Breathless headline-grabbing press releases based on modest findings. Investigations driven by confirmation bias. Broad generalizations based on tiny samples.
I am talking, of course, about the final report of the Diederik Stapel investigation.
Regular readers of my blog will know that I have been beating the drum for reform for quite a while. I absolutely think psychology in general, and perhaps social psychology especially, can and must work to improve its methods and practices.
But in reading the commission’s press release, which talks about “a general culture of careless, selective and uncritical handling of research and data” in social psychology, I am struck that those conclusions are based on a retrospective review of a known fraud case — a case that the commissions were specifically charged with finding an explanation for. So when they wag their fingers about a field rife with elementary statistical errors and confirmation bias, it’s a bit much for me.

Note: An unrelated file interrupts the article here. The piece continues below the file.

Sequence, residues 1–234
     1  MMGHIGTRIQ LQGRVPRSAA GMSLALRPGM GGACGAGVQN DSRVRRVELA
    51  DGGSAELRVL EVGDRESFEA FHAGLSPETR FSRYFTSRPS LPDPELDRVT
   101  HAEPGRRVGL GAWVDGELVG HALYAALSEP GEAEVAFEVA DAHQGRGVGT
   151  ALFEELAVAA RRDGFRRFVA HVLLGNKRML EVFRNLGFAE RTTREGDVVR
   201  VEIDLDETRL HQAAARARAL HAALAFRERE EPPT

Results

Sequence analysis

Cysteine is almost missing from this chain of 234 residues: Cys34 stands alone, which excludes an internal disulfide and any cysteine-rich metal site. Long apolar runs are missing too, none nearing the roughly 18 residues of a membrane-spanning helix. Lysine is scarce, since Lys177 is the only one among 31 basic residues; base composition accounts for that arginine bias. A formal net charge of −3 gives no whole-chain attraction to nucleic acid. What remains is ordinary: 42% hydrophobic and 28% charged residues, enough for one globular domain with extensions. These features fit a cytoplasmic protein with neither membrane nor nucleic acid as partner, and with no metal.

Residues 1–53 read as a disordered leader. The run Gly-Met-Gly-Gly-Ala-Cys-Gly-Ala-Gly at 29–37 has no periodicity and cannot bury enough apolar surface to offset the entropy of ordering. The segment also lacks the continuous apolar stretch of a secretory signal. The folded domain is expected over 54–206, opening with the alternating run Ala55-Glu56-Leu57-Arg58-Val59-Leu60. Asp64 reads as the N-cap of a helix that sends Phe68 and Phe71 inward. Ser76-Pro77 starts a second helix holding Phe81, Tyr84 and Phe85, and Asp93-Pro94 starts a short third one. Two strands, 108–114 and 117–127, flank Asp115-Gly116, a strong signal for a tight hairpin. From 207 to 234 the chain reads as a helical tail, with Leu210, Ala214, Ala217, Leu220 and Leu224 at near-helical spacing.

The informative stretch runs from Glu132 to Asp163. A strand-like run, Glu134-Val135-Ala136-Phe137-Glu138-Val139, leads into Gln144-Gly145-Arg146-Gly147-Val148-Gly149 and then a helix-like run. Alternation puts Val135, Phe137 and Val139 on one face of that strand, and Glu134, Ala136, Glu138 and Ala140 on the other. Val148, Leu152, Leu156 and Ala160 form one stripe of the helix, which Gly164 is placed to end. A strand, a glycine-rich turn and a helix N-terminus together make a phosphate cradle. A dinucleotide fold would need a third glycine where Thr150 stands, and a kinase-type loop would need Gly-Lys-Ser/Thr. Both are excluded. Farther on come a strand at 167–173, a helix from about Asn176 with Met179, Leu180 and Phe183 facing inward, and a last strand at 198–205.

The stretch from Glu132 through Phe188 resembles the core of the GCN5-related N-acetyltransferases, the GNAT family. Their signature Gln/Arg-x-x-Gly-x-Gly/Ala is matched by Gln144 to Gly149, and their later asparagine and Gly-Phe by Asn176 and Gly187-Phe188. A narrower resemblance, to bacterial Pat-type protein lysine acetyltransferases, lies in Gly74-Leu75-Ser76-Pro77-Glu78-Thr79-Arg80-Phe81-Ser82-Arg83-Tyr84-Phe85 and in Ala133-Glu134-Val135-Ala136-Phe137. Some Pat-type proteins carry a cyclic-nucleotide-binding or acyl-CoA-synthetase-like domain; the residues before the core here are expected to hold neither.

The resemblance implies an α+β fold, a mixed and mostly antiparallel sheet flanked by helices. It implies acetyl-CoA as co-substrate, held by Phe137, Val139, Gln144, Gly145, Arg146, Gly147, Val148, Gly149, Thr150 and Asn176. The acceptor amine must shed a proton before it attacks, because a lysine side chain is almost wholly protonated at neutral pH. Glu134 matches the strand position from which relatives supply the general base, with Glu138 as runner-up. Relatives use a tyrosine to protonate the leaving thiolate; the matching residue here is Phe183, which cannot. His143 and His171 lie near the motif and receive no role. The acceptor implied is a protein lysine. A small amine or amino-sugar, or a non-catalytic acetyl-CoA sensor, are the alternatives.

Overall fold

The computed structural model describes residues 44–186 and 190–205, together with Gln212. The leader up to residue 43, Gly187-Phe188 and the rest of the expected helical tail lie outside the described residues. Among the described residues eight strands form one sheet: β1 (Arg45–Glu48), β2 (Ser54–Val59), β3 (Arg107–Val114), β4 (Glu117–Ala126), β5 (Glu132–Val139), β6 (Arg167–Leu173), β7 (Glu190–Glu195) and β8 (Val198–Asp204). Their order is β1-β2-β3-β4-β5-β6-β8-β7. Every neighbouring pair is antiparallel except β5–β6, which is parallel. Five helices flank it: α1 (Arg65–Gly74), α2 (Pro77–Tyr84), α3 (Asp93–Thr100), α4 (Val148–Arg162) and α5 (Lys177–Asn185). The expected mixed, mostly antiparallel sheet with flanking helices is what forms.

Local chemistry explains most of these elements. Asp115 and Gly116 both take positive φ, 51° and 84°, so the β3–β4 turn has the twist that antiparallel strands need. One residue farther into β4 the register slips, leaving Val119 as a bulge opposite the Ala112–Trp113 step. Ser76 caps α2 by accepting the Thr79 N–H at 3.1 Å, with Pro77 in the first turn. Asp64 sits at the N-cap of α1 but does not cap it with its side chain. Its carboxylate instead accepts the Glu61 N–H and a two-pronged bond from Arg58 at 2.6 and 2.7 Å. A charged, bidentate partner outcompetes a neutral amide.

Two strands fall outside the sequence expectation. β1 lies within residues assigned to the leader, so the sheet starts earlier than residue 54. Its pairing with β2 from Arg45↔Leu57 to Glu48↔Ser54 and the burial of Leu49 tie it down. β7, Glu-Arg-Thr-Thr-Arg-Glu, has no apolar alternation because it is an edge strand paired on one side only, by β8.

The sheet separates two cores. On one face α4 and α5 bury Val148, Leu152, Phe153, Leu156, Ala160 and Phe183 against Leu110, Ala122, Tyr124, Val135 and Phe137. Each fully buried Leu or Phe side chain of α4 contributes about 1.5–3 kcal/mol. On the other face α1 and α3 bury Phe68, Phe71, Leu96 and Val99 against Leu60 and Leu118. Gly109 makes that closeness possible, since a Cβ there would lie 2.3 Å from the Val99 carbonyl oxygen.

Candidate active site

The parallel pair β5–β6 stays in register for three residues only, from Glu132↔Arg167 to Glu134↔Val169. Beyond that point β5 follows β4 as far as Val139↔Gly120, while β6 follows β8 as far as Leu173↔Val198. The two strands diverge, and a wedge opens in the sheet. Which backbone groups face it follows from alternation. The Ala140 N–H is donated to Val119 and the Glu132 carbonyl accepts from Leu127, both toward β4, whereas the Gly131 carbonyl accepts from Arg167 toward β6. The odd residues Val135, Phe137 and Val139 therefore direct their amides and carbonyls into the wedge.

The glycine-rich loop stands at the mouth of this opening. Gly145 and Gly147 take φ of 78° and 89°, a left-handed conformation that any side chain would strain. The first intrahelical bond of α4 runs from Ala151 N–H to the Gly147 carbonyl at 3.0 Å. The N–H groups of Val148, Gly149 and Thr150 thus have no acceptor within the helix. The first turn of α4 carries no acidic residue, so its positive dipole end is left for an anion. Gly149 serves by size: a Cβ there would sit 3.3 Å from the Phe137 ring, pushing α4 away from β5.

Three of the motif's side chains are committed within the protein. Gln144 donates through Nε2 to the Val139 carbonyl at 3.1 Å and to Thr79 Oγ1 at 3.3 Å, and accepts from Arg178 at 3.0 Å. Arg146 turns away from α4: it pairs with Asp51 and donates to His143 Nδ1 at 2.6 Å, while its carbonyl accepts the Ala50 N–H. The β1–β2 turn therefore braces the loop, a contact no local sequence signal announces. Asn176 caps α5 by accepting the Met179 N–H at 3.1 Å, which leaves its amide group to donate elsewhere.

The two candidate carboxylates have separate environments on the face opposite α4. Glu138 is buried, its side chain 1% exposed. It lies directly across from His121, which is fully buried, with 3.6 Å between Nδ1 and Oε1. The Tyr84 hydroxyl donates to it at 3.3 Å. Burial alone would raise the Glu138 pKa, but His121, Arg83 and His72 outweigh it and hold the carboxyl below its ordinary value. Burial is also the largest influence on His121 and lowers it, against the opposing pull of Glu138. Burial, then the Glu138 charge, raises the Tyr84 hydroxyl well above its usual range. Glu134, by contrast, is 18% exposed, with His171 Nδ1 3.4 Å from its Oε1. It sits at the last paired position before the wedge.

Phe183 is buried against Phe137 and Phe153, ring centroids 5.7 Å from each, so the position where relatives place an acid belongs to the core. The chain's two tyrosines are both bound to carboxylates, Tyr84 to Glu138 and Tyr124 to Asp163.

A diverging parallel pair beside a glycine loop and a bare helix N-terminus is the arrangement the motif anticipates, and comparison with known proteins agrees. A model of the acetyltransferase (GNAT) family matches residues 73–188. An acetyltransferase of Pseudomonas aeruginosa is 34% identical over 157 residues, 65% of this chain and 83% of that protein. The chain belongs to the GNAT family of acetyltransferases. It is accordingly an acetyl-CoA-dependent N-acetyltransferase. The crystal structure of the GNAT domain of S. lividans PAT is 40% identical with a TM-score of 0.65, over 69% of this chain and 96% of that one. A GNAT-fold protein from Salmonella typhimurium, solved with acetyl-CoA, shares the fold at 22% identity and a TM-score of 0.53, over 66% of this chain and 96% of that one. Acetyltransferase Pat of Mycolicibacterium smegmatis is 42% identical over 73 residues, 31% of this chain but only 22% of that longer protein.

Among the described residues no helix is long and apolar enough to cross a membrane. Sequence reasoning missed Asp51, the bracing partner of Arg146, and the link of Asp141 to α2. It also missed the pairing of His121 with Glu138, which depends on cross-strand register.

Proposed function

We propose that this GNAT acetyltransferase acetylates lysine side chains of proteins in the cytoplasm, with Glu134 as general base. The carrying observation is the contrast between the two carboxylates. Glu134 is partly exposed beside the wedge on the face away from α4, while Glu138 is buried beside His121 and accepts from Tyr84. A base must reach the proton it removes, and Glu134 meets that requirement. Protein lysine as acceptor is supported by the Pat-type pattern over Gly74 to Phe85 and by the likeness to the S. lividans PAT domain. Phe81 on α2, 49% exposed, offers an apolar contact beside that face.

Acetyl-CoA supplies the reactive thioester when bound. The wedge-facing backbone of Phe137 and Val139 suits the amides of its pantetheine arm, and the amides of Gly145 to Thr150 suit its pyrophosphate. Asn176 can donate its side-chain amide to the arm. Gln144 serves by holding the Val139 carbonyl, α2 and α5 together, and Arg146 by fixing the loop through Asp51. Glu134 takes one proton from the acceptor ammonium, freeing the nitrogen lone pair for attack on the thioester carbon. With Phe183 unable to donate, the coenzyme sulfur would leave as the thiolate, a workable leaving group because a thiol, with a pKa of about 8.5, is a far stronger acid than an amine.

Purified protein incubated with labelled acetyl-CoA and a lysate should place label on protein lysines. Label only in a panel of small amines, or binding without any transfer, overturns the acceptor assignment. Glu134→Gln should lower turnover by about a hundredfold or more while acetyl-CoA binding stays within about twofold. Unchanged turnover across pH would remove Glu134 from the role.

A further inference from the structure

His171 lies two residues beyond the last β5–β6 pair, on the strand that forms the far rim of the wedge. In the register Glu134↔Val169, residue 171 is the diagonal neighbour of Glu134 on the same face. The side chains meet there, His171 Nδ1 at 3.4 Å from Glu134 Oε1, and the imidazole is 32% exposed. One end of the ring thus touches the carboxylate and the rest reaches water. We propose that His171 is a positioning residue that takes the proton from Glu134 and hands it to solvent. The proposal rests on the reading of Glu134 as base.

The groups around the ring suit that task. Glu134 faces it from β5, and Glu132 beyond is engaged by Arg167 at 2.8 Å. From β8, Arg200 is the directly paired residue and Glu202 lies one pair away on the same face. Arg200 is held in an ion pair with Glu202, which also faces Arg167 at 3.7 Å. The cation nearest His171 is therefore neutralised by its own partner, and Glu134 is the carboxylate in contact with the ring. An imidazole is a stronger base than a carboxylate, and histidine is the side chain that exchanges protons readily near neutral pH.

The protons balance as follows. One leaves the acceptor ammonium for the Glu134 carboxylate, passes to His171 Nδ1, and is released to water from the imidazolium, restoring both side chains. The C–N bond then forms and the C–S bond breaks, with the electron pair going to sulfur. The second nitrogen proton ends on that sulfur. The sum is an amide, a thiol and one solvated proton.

I am writing this as a first reaction based on what I’ve seen in the press. At some point when I have the time and the stomach I plan to dig into the full 100-page commission report. I hope that — as is often the case when you go from a press release to an actual report — it takes a more sober and cautious tone. Because I do think that we have the potential to learn some important things by studying how Diederik Stapel did what he did. Most likely we will learn what kinds of hard questions we need to be asking of ourselves — not necessarily what the answers to those questions will be. Remember that the more we are shocked by the commission’s report, the less willing we should be to reach any sweeping generalizations from it.
So let’s all take a deep breath, face up to the Stapel case for what it is — neither exaggerating nor minimizing it — and then try to have a productive conversation about where we need to go next.